The Poetical Works of Ebenezer Elliott: The Corn-law Rhymer

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W. Tait, 1840 - 179 pàgines
 

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Pàgina 66 - A stately pilgrim, watched by all the hills. Say, shall we wander where, through warriors' graves, The infant Yewden, mountain-cradled, trills Her doric notes ? Or, where the Locksley raves Of broil and battle, and the rocks and caves Dream yet of ancient...
Pàgina 49 - It then excited universal joy and congratulation, as the prelude to the close of a merciless war : it now awakens sober reflections on the instability of empire, the peculiar destiny of the aboriginal race, and the inscrutable decrees of Heaven.
Pàgina 118 - Let poor men's children, pleas'd to read his lays, Love, for his sake, the scenes where he hath been ; And when he ends his pilgrimage of days, Let him be buried where the grass is green ; Where daisies, blooming earliest, linger late To hear the bee his busy note prolong : — There let him slumber, and in peace await The dawning morn, far from the sensual throng, Who scorn the windflower's blush, the red-breast's lonely song.
Pàgina 22 - He prattled less, in accents void of guile, Of that wild land, beyond the golden wave, Where I, not he, was doomed to be a slave ; Cold o'er his limbs the listless languor grew ; Paleness came o'er his eye of placid blue , Pale mourned the lily where the rose had died, And timid, trembling, came he to my side. He was my all on earth. Oh ! who can speak The anxious mother's too prophetic...
Pàgina 66 - Rivilin, the clear and cold, That throws his blue length, like a snake, from high ? Or, where deep azure brightens into gold O'er Sheaf, that mourns in Eden? Or, where rolled On tawny sands, through regions passion-wild, And groves of love, in jealous beauty dark, Complains the Porter, Nature's thwarted child, Born in the waste, like headlong Wiming...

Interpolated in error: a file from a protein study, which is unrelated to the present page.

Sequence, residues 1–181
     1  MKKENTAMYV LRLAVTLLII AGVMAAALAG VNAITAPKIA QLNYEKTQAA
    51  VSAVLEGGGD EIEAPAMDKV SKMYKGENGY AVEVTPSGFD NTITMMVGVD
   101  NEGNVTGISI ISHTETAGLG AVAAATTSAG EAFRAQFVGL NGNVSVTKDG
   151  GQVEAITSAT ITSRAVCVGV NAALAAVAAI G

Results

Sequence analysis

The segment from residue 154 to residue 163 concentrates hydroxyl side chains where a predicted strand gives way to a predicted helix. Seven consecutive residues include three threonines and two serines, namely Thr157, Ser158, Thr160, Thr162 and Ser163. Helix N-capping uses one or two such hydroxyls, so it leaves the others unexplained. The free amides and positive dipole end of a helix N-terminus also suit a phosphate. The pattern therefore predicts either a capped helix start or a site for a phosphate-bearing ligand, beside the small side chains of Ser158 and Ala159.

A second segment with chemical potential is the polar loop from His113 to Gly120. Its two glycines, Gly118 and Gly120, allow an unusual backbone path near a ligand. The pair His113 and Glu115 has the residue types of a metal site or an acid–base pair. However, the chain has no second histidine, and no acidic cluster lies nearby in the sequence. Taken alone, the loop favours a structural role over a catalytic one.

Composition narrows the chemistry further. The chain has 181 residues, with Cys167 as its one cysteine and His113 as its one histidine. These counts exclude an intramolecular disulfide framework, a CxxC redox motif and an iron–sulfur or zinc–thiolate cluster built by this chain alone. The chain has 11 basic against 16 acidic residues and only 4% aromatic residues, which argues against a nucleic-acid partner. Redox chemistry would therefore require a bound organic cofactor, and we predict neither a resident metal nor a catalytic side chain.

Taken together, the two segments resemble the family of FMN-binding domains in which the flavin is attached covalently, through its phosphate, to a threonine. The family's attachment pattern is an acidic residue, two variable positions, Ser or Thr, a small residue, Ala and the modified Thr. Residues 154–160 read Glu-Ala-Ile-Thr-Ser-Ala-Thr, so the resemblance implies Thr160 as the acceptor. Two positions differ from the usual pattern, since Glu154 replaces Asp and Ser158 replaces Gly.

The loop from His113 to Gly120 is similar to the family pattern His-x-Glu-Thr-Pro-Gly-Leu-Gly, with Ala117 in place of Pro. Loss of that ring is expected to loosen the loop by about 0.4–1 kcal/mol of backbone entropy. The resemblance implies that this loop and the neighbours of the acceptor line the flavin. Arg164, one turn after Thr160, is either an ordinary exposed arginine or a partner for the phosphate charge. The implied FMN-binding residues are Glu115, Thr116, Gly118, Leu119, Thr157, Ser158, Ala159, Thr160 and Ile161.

Pàgina 111 - Child, what hast thou with sleep to do ? Awake, and dry thine eyes! Thy tiny hands must labour too ; Our bread is tax'd — arise ! Arise, and toil long hours twice seven, For pennies two or three ; Thy woes make angels weep in Heaven,— But England still is free. Up, weary man, of eighty-five, And toil in hopeless woe ! Our bread is tax'd, our rivals thrive, Our gods will have it so. Yet God is undethron'd on high, And undethroned will be : Father of all ! hear Thou our cry, And England shall be...
Pàgina 22 - O'er her poor Emma ; and, in accents low, Said, "Ah ! why do I weep, and weep in vain For one so...
Pàgina 132 - The glories of the lane ! For, oh, I love these banks of rock, This roof of sky and tree, These tufts, where sleeps the gloaming clock, And wakes the earliest bee ! As spirits from eternal day Look down on earth secure, Gaze thou, and wonder, and survey A world in miniature ! A world not...
Pàgina 112 - OTHERS march in freedom's van ; Canst not thou what others can ? Thou a Briton ! thou a man ! What are worms, if human thou ? Wilt thou, deaf to hiss and groan, Breed white slaves for every zone ? Make yon robber feed his own, Then proclaim thyself a man. Still shall paltry tyrants tell Freemen when to buy and sell ? Spurn the coward thought to hell ! Tell the miscreants what they are. Dost thou cringe, that fiends may scowl ? Wert thou born without a soul ? Spaniels feed, are whipp'd, and howl;...
Pàgina 139 - mid the general hush, A sweet air lifts the little bough Lone whispering through the bush. The primrose to the grave is gone, The hawthorn flower is dead ; The violet by the mossed gray stone Hath laid her weary head.

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